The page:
To conclude we can say that the author is trying very hard to show that mathematics is all around us. In that respect he certainly succeeded. It's a laudable achievement that he brings this with illustrations that are both modern, nontrivial, even including relativity theory and cosmology. As a mathematician he is emphasizing the fun of realizing that the math is really able to model and solve these (simplified) problems. As a mathematician one may easily understand these feelings and enjoy it as much as Fernandez does. However, when reading this with the eyes and mind of a youngster, who feels annoyed and bored with all these mathematics, and who does not care about all the mathematics governing whatever he is doing, which he will do anyway, whether or not he understands the underlying mathematics, I am not sure that such a student will experience the same 'fun' as the author experiences. What I am missing a bit is the playful element that generates the true 'fun' for the not-yet-mathematician, and a bit of the challenge that is needed to really engage the reader. I do not think the book will convince the non-believers, who couldn't care less about all these mathematics. They will not be convinced because the mathematics are too explicit and hence for them the book will be a bit less boring than their lecture notes, but probably still boring. On the other hand, the book is perfect for a reader who really wants to know what mathematics are governing our lives and who wants to learn and understand or polish up his rusty knowledge of these mathematics.</p>
</div></div></div></div><div class="field field-name-field-review-reviewer field-type-text field-label-inline clearfix"><div class="field-label">Reviewer: </div><div class="field-items"><div class="field-item even">A. Bultheel</div></div></div><div class="field field-name-field-review-legacy-affiliation field-type-text field-label-inline clearfix"><div class="field-label">Affiliation: </div><div class="field-items"><div class="field-item even">KU Leuven</div></div></div><div class="field field-name-field-review-desc field-type-text-long field-label-hidden"><div class="field-items"><div class="field-item even"><div class="tex2jax"><p>
Fernandez illustrates a basic calculus course from functions over limits, derivatines up to integrals by taking examples from an average day he spends from waking up and having breakfast to going to sleep after having diner and watching a movie. It is not difficult to link every instant in the day with a topic from the calculus course. Some excursions are surprising like the branching of blood vessels, time travel and relativity and cosmology. Basic definitions and elements of the mathematics are included and sometimes further elaborated in appendices.</p>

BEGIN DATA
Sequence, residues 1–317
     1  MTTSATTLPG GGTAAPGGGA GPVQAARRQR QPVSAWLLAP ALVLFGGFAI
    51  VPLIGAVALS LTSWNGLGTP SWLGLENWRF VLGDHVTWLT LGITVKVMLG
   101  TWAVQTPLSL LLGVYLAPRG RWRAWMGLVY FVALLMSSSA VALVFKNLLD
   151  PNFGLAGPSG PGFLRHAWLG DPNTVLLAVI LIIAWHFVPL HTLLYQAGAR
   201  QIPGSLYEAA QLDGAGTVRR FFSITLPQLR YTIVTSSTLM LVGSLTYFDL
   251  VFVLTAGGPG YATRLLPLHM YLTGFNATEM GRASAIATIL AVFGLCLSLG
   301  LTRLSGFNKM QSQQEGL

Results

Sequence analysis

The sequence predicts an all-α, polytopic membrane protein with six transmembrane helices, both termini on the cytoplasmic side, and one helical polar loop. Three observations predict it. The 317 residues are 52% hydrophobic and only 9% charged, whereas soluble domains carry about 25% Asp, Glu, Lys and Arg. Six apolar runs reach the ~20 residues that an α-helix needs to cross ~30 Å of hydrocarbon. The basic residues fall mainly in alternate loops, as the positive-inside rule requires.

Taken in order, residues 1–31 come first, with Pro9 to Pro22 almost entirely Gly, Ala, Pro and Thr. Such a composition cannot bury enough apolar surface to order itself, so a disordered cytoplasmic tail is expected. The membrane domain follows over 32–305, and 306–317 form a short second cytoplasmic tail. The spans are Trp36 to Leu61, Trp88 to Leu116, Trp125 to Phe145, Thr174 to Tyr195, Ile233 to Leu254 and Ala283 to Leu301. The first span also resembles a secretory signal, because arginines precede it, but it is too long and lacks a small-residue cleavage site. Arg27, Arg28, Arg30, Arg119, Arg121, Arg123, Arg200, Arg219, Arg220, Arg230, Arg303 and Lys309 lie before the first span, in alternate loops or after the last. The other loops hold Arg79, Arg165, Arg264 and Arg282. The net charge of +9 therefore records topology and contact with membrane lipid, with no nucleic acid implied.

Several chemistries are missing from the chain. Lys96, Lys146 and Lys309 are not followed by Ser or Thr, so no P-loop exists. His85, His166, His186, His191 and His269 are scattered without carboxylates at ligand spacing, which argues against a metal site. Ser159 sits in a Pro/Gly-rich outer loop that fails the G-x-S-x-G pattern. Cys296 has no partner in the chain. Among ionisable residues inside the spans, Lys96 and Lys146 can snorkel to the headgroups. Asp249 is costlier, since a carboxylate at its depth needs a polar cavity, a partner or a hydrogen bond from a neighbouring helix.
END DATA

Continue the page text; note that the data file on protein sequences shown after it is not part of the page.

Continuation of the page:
</div></div></div></div><span class="vocabulary field field-name-field-review-author field-type-taxonomy-term-reference field-label-inline clearfix"><h2 class="field-label">Author: </h2><ul class="vocabulary-list"><li class="vocabulary-links field-item even"><a href="/author/oscar-e-fernandez" typeof="skos:Concept" property="rdfs:label skos:prefLabel" datatype="">Oscar E. Fernandez</a></li></ul></span><span class="vocabulary field field-name-field-review-publisher field-type-taxonomy-term-reference field-label-inline clearfix"><h2 class="field-label">Publisher: </h2><ul class="vocabulary-list"><li class="vocabulary-links field-item even"><a href="/publisher/princeton-university-press" typeof="skos:Concept" property="rdfs:label skos:prefLabel" datatype="">princeton university press</a></li></ul></span><div class="field field-name-field-review-pub field-type-number-integer field-label-inline clearfix"><div class="field-label">Published: </div><div class="field-items"><div class="field-item even">2014</div></div></div><div class="field field-name-field-review-isbn field-type-text field-label-inline clearfix"><div class="field-label">ISBN: </div><div class="field-items"><div class="field-item even">978-0691-1-5755-9 (hbk) </div></div></div><div class="field field-name-field-review-price field-type-text field-label-inline clearfix"><div class="field-label">Price: </div><div class="field-items"><div class="field-item even">£16.95 (hbk)</div></div></div><div class="field field-name-field-review-pages field-type-number-integer field-label-inline clearfix"><div class="field-label">Pages: </div><div class="field-items"><div class="field-item even">168</div></div></div><div class="field field-name-field-review-website field-type-text field-label-hidden"><div class="field-items"><div class="field-item even"><a href="http://press.princeton.edu/titles/10199.html" title="Link to web page">http://press.princeton.edu/titles/10199.html</a></div></div></div><span class="vocabulary field field-name-field-review-msc field-type-taxonomy-term-reference field-label-hidden"><ul class="vocabulary-list"><li class="vocabulary-links field-item even"><a href="/msc/00-general" typeof="skos:Concept" property="rdfs:label skos:prefLabel" datatype="">00 General</a></li></ul></span><span class="vocabulary field field-name-field-review-msc-full field-type-taxonomy-term-reference field-label-hidden"><ul class="vocabulary-list"><li class="vocabulary-links field-item even"><a href="/msc-full/00a05" typeof="skos:Concept" property="rdfs:label skos:prefLabel" datatype="">00a05</a></li></ul></span>Mon, 12 May 2014 18:30:02 +0000Adhemar Bultheel45562 at https://euro-math-soc.euhttps://euro-math-soc.eu/review/everyday-calculus-discovering-hidden-math-all-around-us#comments